Josh Stewart: Author Archive

Josh Stewart, Communications Intern, assists the communications team at America Rights at Work. Working on both social media as well traditional media outreach. Josh graduated from the University of North Texas in 2008 with a BA in Business Marketing and is working toward his master’s degree in Political Management at The George Washington University. In addition, to school and work Josh is the Co-Founder and Washington D.C. Editor for the music blog Newdust.com.

It’s a dirty job, but someone has to do it

So… who’s pumped for the new season of Discovery’s “Dirty Jobs” with Mike Rowe? Not only are Rowe’s antics entertaining, the show spotlights workers across America doing some of the most thankless, but critical, jobs on the market.

What you may not know is that when Mike Rowe isn’t filming, he’s advocating for workers like the folks who appear on his show. On his website, MikeRoweWorks, Rowe makes the case for increased investment in our crumbling infrastructure to create good jobs and bring our roads, bridges, and railways up to speed. Read more »

 

After 34 years of live music, the Washington Ballet “cans” The Nutcracker

Every holiday season, people flock to the Washington Ballet’s performance of The Nutcracker. The story comes to life as dancers light up the stage and the orchestra’s music guides viewers into a world of sugar plums and fairies. Read more »

 

Going Beyond Undercover Boss

With the economic recovery and job growth stagnating despite record profits on Wall Street, CEOs in this country could use a wake-up call. But instead of a wake up call, the second season of CBS’ “Undercover Boss” is more like a thiny-veiled public relations campaign for featured companies.

Choice Hotels CEO Steve Joyce, who has publicly opposed the Employee Free Choice Act, was the focus of last night’s premiere episode. Joyce got a first hand look at how his hotels operate from the perspective of Choice employees, and was surprised at just how demanding work in the hotel industry can be—both physically and mentally. And as Joyce quickly realized, these workers aren’t just numbers on a payroll statement. They are real people, with individual struggles, families, and career aspirations of their own. Read more »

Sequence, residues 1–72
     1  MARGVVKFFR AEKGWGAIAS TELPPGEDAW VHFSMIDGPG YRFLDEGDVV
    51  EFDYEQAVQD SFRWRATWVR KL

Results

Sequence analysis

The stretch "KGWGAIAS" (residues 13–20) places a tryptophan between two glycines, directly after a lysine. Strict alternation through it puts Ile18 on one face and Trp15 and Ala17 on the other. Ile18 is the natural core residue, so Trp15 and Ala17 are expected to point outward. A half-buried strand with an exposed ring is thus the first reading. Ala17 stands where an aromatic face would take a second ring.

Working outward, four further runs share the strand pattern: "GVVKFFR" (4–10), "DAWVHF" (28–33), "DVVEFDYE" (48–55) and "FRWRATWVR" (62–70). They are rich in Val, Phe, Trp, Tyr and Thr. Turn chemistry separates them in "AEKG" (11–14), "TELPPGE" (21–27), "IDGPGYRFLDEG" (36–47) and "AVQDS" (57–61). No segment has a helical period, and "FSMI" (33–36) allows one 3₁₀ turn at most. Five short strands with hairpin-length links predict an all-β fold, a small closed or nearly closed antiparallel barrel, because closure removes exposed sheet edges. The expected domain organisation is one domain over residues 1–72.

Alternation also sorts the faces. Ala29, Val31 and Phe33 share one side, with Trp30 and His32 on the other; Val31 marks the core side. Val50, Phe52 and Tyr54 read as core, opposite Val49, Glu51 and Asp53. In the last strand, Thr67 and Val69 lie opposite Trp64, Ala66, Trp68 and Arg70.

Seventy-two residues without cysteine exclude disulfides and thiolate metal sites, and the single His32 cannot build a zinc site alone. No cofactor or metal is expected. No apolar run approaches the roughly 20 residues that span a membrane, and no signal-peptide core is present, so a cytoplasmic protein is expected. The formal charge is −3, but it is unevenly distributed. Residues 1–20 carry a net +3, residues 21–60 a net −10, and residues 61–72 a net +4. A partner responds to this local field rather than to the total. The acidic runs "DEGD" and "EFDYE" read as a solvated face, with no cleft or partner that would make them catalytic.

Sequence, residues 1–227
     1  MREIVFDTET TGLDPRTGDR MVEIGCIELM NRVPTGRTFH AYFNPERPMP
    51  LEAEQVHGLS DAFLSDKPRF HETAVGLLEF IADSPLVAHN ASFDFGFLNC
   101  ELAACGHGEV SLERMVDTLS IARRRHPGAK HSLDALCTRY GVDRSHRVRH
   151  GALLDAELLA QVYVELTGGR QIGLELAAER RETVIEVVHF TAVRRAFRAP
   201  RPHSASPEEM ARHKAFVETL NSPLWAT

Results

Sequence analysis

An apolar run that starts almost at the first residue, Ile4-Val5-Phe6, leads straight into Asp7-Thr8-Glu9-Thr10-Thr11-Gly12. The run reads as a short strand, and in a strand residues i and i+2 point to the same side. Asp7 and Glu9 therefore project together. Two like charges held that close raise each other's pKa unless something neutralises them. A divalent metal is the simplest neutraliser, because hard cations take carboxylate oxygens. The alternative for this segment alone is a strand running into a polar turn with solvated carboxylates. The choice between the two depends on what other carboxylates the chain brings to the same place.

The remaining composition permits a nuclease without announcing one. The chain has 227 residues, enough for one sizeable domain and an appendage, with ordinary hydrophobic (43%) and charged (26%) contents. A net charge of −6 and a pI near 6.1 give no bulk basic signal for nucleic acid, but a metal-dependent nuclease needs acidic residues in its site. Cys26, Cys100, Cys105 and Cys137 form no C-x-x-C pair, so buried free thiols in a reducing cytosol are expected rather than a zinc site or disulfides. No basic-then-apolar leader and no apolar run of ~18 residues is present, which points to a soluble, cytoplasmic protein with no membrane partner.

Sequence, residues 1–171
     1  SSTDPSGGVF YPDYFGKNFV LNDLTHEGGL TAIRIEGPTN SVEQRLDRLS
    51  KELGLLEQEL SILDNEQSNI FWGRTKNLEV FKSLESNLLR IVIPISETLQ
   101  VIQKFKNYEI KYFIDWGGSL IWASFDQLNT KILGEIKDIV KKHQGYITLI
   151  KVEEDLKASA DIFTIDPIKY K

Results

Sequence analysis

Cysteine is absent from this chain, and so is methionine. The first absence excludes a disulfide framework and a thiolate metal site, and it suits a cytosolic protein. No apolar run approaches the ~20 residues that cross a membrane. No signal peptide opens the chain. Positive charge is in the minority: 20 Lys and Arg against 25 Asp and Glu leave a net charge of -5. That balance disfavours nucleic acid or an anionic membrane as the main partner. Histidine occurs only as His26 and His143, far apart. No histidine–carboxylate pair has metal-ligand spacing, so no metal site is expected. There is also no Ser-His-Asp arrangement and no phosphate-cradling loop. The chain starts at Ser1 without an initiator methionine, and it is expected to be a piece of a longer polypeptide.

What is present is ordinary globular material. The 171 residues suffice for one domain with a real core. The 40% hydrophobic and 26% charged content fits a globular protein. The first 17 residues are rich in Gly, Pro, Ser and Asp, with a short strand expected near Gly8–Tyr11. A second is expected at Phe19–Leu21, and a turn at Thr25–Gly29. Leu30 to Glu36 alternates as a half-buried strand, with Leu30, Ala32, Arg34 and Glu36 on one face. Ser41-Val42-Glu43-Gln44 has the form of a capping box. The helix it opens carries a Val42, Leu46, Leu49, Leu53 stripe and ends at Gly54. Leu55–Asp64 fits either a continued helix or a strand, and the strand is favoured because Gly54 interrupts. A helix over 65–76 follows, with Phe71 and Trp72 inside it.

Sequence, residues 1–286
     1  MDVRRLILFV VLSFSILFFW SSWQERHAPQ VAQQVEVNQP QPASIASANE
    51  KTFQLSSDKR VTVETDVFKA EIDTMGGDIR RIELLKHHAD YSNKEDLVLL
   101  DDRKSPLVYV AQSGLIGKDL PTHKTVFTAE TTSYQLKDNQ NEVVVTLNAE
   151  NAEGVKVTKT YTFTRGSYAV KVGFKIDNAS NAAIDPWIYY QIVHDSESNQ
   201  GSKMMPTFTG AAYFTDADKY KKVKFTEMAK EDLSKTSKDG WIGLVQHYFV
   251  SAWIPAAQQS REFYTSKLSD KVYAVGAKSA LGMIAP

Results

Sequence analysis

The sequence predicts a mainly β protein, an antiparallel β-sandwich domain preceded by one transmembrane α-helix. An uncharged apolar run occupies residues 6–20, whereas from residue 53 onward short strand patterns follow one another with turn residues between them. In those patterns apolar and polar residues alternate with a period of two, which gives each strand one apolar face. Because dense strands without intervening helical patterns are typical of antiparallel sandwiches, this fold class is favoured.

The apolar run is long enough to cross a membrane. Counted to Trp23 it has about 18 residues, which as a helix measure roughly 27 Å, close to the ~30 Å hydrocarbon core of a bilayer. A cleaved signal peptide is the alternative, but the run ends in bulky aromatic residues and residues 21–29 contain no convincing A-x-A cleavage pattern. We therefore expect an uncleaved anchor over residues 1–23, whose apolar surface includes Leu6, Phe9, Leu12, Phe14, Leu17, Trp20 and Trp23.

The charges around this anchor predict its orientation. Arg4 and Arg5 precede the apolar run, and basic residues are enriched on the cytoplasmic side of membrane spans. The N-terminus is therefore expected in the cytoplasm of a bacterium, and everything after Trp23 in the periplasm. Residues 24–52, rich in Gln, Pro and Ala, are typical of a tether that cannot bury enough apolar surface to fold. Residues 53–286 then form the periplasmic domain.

Link between union density and happiness plays out on national scale

It’s no surprise that belonging to a union improves the lives of union members. But a recent study co-authored by Patrick Flavin and Benjamin Radcliff at Notre Dame and Alexander Pacek of Texas A&M University, shows that union density—the percentage of the workforce that belongs to unions—also has a direct impact on workers who don’t belong to unions. Read more »

 

Punk Rock Solidarity

At a time when our healthcare system is going through myriad changes, it is vital to remember those who are working to put patient care first.

So, how about a punk rock salute?

The Boston-based punk rock band Dropkick Murphys have long been strong advocates for workers’ rights issues such as living wages, increased healthcare benefits, and retirement pensions. And now they have a pretty awesome song to serve as an anthem for their beliefs. Check out the video for their anthem “Tomorrow’s Industry,” written in support of SEIU 1199 United Healthcare Workers East. Read more »